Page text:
Emergence of a Plant Pathogen in Europe Associated with Multiple Intercontinental Introductions
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AutorLanda, Blanca B.; Castillo, Andreina I.; Giampetruzzi, Annalisa; kahn, Alexandra; Román-Écija, Miguel; Velasco-Amo, María P.; Navas-Cortés, Juan A.; Marco-Noales, Ester; Barbé, Silvia; Moralejo, Eduardo; Coletta-Filho, Helvecio D.; Saldarelli, Pasquale; Saponari, Maria; Almeida, Rodrigo P. P.
Cita bibliográficaLanda, B. B., Castillo, A. I., Giampetruzzi, A., Kahn, A., Román-Écija, M., Velasco-Amo, M. P., ... & Coletta-Filho, H. D. (2020). Emergence of a plant pathogen in Europe associated with multiple intercontinental introductions. Applied and Environmental Microbiology, 86(3).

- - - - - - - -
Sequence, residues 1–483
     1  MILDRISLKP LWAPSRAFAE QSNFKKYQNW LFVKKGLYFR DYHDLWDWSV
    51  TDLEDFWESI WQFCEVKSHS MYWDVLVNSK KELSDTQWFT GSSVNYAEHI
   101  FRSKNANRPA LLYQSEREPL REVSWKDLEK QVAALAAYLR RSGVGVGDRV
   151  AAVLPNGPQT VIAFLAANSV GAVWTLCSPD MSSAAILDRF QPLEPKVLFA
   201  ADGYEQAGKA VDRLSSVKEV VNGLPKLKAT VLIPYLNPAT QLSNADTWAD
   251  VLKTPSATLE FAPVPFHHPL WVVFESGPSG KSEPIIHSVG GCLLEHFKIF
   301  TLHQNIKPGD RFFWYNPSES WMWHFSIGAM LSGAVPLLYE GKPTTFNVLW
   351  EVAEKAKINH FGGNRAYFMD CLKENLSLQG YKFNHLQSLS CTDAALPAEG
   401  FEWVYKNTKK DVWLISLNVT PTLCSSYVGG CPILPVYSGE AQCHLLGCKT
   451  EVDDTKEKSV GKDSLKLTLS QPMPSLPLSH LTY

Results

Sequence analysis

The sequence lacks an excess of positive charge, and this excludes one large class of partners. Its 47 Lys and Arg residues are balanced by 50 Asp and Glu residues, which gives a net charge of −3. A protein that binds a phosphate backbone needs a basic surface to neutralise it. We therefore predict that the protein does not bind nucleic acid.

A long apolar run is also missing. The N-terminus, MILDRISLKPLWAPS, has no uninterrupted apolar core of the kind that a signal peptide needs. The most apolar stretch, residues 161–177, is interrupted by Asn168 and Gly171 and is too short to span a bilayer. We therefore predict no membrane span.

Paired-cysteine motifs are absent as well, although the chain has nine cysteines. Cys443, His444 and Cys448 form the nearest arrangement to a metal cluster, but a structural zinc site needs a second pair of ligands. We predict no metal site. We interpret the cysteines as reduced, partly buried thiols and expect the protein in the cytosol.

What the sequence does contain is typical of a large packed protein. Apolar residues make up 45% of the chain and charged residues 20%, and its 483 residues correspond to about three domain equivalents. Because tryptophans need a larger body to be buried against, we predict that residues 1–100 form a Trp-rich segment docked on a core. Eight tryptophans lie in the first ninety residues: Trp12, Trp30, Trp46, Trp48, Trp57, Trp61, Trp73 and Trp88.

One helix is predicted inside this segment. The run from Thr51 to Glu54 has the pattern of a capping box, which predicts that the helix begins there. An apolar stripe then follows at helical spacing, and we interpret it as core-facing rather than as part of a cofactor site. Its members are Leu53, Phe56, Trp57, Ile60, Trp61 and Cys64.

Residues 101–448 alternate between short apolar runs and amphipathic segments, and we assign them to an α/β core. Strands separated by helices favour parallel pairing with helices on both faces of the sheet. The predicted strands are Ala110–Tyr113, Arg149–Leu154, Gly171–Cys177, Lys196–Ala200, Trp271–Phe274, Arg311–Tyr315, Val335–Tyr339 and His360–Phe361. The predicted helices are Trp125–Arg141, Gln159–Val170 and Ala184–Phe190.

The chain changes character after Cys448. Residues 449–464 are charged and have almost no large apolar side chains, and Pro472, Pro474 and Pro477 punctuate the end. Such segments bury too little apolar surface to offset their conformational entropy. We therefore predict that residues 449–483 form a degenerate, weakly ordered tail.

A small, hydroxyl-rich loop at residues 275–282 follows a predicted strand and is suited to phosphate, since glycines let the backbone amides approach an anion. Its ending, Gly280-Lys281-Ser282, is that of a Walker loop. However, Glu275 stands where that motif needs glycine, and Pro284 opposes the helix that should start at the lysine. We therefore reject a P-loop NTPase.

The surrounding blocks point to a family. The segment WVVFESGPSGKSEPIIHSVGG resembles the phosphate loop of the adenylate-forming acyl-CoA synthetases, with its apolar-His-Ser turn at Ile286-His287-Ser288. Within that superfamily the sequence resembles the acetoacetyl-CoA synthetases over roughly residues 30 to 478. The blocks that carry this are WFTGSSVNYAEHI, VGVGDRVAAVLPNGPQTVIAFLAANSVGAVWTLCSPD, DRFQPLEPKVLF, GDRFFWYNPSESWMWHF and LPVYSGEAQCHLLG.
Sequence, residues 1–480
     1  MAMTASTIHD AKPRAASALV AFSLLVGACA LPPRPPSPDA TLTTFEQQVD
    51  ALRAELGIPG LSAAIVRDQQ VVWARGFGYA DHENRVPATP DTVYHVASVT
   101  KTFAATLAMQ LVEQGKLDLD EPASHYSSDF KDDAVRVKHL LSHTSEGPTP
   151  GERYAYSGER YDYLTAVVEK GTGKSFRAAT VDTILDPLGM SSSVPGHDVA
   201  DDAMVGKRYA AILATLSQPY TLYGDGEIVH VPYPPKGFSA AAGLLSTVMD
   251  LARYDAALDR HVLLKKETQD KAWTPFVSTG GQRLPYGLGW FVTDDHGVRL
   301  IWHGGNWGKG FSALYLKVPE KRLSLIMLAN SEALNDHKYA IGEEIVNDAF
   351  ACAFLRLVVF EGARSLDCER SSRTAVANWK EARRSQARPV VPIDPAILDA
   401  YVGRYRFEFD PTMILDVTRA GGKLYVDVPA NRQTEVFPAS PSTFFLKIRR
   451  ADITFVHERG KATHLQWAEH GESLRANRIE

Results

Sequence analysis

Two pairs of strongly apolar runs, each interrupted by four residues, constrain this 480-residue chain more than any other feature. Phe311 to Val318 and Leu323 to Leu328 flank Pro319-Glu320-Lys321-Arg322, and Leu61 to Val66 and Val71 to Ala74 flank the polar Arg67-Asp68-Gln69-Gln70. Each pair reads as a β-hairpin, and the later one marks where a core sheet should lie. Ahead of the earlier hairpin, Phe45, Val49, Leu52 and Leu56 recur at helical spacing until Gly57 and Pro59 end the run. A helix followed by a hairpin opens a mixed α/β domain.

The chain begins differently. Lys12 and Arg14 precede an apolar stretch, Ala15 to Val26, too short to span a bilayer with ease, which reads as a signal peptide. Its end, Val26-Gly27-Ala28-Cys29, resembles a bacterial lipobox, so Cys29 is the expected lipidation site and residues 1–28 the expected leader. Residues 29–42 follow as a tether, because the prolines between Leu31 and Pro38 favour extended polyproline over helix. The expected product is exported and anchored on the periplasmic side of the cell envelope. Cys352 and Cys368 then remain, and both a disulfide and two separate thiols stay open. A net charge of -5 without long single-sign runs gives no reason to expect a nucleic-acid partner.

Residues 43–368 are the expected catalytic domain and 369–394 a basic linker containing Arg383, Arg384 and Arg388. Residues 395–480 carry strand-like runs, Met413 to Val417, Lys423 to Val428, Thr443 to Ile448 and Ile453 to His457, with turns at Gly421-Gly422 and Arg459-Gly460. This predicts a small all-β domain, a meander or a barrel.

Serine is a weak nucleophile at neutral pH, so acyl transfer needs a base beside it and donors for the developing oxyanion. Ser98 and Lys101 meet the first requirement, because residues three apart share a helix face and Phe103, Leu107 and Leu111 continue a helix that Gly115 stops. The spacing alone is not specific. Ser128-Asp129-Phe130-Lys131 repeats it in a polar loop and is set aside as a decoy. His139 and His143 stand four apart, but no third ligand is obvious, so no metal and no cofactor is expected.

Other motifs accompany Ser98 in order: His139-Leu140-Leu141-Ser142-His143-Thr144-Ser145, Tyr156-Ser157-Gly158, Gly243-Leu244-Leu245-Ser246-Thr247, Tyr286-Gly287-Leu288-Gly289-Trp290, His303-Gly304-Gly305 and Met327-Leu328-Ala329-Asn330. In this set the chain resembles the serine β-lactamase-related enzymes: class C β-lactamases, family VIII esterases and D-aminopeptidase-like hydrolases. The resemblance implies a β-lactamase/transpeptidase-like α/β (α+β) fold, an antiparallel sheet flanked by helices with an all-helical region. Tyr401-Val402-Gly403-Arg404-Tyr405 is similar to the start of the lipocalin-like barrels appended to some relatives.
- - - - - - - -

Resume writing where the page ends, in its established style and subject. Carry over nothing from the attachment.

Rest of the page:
Pathogen introductions have led to numerous disease outbreaks in naive regions of the globe. The plant pathogen Xylella fastidiosa has been associated with various recent epidemics in Europe affecting agricultural crops, such as almond, grapevine, and olive, but also endemic species occurring in natural forest landscapes and ornamental plants. We compared whole-genome sequences of X. fastidiosa subspecies multiplex from America and strains associated with recent outbreaks in southern Europe to infer their likely origins and paths of introduction within and between the two continents. Phylogenetic analyses indicated multiple introductions of X. fastidiosa subspecies multiplex into Italy, Spain, and France, most of which emerged from a clade with limited genetic diversity with a likely origin in California, USA. The limited genetic diversity observed in X. fastidiosa subspecies multiplex strains originating from California is likely due to the clade itself being an introduction from X. fastidiosa subspecies multiplex populations in the southeastern United States, where this subspecies is most likely endemic. Despite the genetic diversity found in some areas in Europe, there was no clear evidence of recombination occurring among introduced X. fastidiosa strains in Europe. Sequence type taxonomy, based on multilocus sequence typing (MLST), was shown, at least in one case, to not lead to monophyletic clades of this pathogen; whole-genome sequence data were more informative in resolving the history of introductions than MLST data. Although additional data are necessary to carefully tease out the paths of these recent dispersal events, our results indicate that whole-genome sequence data should be considered when developing management strategies for X. fastidiosa outbreaks. IMPORTANCE Xylella fastidiosa is an economically important plant-pathogenic bacterium that has emerged as a pathogen of global importance associated with a devastating epidemic in olive trees in Italy associated with X. fastidiosa subspecies pauca and other outbreaks in Europe, such as X. fastidiosa subspecies fastidiosa and X. fastidiosa subspecies multiplex in Spain and X. fastidiosa subspecies multiplex in France. We present evidence of multiple introductions of X. fastidiosa subspecies multiplex, likely from the United States, into Spain, Italy, and France. These introductions illustrate the risks associated with the commercial trade of plant material at global scales and the need to develop effective policy to limit the likelihood of pathogen pollution into naive regions. Our study demonstrates the need to utilize whole-genome sequence data to study X. fastidiosa introductions at outbreak stages, since a limited number of genetic markers does not provide sufficient phylogenetic resolution to determine dispersal paths or relationships among strains that are of biological and quarantine relevance.